Diana 240 Classic:Part 1
by Tom Gaylord
Writing as B.B. Pelletier
This report covers:
- Classic airgun alert!
- Diana model 27
- Where has the 240 been?
- A youth airgun
- Shooting impression
- HW30 substitute?
Classic airgun alert!
What a timely test! I received the Diana 240 Classic when the Diana Mauser K98 rifle arrived, many weeks ago. Naturally I was drawn to the larger, more military-looking airgun first. But as it turns out, the Diana 240 Classic is also a classic that I think many of you are going to enjoy. I say that because I believe I am going to enjoy testing it for you.
Diana model 27
If you have read this blog very long, you know that I cannot help from referring to the Diana model 27 rifle as often as I can. That’s because of all the airguns I have ever shot, it is the one I like the best. To me it embodies the essence of the reason I am an airgunner. It’s lightweight, easy to cock, quiet, accurate and has an adjustable trigger that can be set very fine.
Where has the 240 been?
Like most Americans, I remained ignorant of the Diana model 24 that turned into the 240. It wasn’t imported by large U.S. dealers for many years and, despite our European readers touting its virtues and advising me to try one, I never did. Well, that has changed. Pyramyd Air now brings in the Diana 240 Classic and for $200 you can buy a lot of airgun.
A youth airgun
On the surface, the Diana 240 Classic is a breakbarrel rifle that’s made for older youth. I say on the surface, because, like most other guns made for this market (Daisy 853 etc.), it also appeals to experienced airgunners who just want to shoot and aren’t concerned with velocity. The Diana 27 was also such a gun.
The 240 Classic is small but not petite. It’s 40 inches long, with a pull of 13.5 inches. That puts it into the comfortable range for many adults. The rifle weighs 5 lbs. according to the specs. The one I am testing for you, serial number 20074860, weighs 6 lbs. 2 oz.
The stock is a classic beechwood stock with no embellishments. It looks very similar to a model 27 stock, except this one has a black plastic buttplate, where the 27 butt is plain wood with a rubber button to prevent slippage when the rifle is leaned in the corner.
All the metal parts are deeply blackened and polished smooth. They have a luster but not a deep polish. There are some plastic parts like the trigger, triggerguard and the front sight assembly. But the rifle is made mostly the same as they made them in the 1970s.
The rifle comes with open sights. The rear has a fiberoptic tube (a green dot on either side of the rear notch) and is adjustable both ways. The front sight is a hooded fiberoptic tube atop a plastic ramp. My eyes are almost at the point where I can see the sights well enough to shoot. Hopefully they will be where they need to be in another week or so.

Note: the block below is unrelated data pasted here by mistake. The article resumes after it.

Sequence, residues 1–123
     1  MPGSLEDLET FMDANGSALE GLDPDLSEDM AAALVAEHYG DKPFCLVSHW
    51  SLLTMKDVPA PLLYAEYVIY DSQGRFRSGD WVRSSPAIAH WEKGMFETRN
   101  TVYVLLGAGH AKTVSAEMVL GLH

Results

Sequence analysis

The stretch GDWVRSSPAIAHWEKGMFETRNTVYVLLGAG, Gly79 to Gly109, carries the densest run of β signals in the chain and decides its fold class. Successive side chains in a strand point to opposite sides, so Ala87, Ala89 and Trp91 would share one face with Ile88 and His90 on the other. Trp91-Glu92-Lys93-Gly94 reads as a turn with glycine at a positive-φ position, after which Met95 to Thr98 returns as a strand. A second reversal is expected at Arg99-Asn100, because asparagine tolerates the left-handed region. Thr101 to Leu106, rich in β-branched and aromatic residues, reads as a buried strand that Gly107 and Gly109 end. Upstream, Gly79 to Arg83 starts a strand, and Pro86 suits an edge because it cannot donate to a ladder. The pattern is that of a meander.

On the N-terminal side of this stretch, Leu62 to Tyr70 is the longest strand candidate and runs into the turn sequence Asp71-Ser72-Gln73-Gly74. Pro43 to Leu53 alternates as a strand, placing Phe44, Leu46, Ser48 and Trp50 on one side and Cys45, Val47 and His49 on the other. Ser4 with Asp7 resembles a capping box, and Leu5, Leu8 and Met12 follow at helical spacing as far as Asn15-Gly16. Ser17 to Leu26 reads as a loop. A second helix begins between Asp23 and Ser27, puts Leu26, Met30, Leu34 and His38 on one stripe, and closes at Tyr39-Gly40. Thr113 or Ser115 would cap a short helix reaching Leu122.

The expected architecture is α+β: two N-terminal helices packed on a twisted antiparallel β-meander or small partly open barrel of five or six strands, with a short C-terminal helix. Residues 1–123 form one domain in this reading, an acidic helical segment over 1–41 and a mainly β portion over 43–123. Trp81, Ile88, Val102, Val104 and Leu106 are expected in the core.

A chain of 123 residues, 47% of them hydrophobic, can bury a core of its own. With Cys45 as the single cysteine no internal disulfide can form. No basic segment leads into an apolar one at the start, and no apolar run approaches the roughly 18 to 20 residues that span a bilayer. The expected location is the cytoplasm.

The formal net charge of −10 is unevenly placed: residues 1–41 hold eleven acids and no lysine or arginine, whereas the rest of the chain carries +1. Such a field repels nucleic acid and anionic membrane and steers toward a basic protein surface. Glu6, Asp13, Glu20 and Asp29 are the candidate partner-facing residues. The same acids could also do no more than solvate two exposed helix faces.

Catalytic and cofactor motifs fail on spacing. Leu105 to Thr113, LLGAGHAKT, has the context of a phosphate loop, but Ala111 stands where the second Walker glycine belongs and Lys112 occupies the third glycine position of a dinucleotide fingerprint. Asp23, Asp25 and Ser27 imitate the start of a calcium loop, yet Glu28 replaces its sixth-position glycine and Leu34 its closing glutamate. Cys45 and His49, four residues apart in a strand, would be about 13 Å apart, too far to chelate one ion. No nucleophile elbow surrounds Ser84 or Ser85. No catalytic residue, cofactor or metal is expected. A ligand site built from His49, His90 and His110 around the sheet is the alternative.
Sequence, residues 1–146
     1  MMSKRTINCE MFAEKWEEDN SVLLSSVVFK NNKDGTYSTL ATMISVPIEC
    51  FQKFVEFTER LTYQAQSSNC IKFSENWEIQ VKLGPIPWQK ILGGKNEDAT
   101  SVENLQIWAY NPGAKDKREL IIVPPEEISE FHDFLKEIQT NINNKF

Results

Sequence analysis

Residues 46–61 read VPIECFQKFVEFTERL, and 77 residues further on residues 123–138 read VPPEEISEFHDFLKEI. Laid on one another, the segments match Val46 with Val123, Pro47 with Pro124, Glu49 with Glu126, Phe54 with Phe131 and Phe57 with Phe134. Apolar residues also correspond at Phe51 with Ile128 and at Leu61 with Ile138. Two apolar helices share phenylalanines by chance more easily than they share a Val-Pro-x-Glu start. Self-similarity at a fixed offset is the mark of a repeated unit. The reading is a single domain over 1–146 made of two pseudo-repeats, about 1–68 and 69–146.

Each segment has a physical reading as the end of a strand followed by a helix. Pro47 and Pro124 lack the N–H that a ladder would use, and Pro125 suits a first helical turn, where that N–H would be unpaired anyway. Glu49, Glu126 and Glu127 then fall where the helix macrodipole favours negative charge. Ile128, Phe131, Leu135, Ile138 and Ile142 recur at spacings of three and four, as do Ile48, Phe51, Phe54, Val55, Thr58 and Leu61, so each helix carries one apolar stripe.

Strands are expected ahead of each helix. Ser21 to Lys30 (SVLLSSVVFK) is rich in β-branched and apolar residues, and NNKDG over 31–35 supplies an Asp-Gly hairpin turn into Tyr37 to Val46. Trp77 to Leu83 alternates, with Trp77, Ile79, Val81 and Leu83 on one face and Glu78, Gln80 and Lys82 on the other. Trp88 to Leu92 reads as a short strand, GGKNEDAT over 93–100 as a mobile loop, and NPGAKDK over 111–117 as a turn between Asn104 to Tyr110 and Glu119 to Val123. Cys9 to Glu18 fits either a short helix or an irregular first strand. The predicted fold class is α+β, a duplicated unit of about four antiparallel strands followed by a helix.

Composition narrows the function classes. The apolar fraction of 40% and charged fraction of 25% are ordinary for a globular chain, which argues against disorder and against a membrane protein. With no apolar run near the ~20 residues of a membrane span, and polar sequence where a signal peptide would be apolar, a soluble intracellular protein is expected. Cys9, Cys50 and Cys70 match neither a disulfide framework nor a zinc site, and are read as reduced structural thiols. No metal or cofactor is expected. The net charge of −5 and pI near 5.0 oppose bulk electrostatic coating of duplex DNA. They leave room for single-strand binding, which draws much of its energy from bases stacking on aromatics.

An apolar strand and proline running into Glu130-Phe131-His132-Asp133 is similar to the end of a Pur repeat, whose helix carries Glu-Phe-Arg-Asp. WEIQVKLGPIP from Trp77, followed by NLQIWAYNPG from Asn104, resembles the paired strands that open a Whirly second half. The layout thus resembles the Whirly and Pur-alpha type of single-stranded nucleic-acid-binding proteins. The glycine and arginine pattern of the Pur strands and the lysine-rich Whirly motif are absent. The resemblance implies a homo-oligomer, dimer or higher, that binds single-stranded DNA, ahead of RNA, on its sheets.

There are also two parallel dovetail grooves cut into the top of the spring tube, 11 millimeters apart. Unlike the more expensive Diana spring rifles, there is no scope base mounted — just those grooves. I don’t think Diana anticipates people mounting a scope on this one. There is also no hole for a vertical scope stop pin, so if you plan to scope the 240 Classic, I would think about using a BKL clamp-on mount of some sort. The recoil is so light that there should be no problem with scope movement.
Diana lumped several rifles into the one owner’s manual and the written instructions for the adjustable trigger in the manual don’t apply to the 240 Classic. The two-stage trigger has one screw in front of the blade that adjusts the length of the first stage travel and that’s it.
I will test the trigger more thoroughly for you in part 2, but for now know that it is reasonably light with some creep in stage two. It is not equivalent to the model 27 trigger.
I had to shoot it, even though today is not a test of any kind. It cocks easy (specs. say 20 lbs. and that sounds about right) but the ball bearing detent is stiff and requires a muzzle slap to break the barrel open. The stroke is short because the rifle doesn’t develop a lot of power. Specs. say 580 f.p.s. in .177, which is the only caliber it comes in.
The rifle shoots smooth with a very light recoil. I was ready with my Tune in a Tube grease, but it looks like it won’t be necessary. I must say the new owners of the Diana brand seem to be doing a fine job of maintaining the quality of their rifles.
Okay, I will say it. The 240 Classic could be seen as a less expensive substitute for the HW 30. Not the higher-end 30S that has the Rekord trigger; just the standard HW 30. Of course you give up about 100 f.p.s., but you also save over $50. I’m sure that will start an argument, but that’s the way I see it.
At any rate, I get to test this rifle and it looks like it’s going to be fun. At the end we will all know how close it comes to being a modern Diana model 27.